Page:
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No Time to Die
  • Composed by Hans Zimmer

The Daniel Craig set of Bond films reaches its conclusion in the long-awaited No Time to Die, originally scheduled for release during the Neolithic period (or at least, it feels that way). There won’t be any spoilers for the film in this piece – but I will say I found it to be a satisfying entry in the series, clearly neither the best nor the worst of the Craig movies. It does some things very well (a couple of really good action sequences, Bond’s relationship with Madeleine, continuing from Spectre), some things not so well (the main villain is a disappointment, the convoluted villainous material which drives the film’s pivotal moment makes no sense at all).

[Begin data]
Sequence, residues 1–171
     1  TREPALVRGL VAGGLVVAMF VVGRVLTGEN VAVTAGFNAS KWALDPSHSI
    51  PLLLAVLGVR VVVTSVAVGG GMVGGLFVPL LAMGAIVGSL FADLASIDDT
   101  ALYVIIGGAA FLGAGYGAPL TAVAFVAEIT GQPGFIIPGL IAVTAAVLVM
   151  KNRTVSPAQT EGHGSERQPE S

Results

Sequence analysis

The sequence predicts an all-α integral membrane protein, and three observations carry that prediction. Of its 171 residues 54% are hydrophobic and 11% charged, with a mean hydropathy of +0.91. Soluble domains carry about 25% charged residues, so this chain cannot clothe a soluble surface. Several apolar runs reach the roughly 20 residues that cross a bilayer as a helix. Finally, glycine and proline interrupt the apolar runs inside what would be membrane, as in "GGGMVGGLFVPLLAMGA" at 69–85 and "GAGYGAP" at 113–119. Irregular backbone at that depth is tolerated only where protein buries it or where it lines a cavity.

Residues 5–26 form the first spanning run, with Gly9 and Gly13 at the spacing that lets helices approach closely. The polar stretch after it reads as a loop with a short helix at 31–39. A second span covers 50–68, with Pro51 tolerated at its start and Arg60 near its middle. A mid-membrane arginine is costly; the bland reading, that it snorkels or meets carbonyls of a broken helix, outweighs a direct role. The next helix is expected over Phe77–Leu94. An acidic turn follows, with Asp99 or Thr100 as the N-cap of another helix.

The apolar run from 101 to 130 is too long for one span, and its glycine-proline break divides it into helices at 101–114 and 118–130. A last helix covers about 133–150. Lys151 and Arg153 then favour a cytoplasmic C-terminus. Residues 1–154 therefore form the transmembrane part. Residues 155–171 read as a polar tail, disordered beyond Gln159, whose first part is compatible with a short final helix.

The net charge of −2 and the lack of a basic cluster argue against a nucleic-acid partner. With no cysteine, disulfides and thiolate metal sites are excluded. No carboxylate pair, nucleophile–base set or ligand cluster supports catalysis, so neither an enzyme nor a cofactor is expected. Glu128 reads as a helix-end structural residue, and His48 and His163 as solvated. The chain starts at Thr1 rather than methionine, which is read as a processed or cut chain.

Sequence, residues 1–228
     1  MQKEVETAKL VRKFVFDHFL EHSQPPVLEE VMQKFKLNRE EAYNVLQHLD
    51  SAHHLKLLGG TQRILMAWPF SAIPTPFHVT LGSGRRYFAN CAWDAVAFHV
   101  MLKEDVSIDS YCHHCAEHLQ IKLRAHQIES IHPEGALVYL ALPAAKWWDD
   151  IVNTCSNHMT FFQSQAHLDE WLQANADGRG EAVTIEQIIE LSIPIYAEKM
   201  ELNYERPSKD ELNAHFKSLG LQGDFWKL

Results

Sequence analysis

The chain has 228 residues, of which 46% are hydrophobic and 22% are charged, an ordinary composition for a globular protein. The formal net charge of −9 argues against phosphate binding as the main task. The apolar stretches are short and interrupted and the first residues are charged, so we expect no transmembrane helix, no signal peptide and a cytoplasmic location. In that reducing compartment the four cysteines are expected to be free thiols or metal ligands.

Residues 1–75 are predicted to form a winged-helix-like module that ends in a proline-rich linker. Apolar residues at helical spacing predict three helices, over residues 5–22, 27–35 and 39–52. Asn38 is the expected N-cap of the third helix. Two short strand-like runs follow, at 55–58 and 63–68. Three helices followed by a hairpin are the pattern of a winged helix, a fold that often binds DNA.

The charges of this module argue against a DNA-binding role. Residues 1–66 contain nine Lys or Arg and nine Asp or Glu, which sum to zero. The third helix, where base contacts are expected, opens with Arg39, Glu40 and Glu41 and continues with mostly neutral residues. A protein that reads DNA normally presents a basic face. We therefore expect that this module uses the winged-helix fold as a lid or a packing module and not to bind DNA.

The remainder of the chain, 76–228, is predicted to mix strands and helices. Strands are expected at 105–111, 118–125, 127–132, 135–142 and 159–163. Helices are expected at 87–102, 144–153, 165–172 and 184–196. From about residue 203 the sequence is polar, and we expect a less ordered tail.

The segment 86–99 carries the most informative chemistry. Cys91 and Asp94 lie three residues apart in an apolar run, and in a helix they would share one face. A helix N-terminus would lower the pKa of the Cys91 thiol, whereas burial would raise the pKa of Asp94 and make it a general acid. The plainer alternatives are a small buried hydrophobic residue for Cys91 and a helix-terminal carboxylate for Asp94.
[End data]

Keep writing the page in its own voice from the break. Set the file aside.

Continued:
Musically, the Craig era began very much as a reboot, with David Arnold continuing from the Brosnan movies but deliberately going for a different sound, avoiding throwbacks – even the Bond theme’s use kept to a bare minimum – and that continued through the next three, even when Thomas Newman took over. Well, for No Time to Die that has been entirely abandoned and we are not just in Throwback City, we’re in probably the most throwback-ridden James Bond score of all (with not all of those throwbacks being to previous James Bond scores – we’ll come to that). While it’s hardly a crime for the music for the 25th (!) film in a series to reference those that have gone before, it’s interesting how different an approach it is to the previous four scores, which even though they’re by two different composers still seem to belong together in the same musical universe.

Hans Zimmer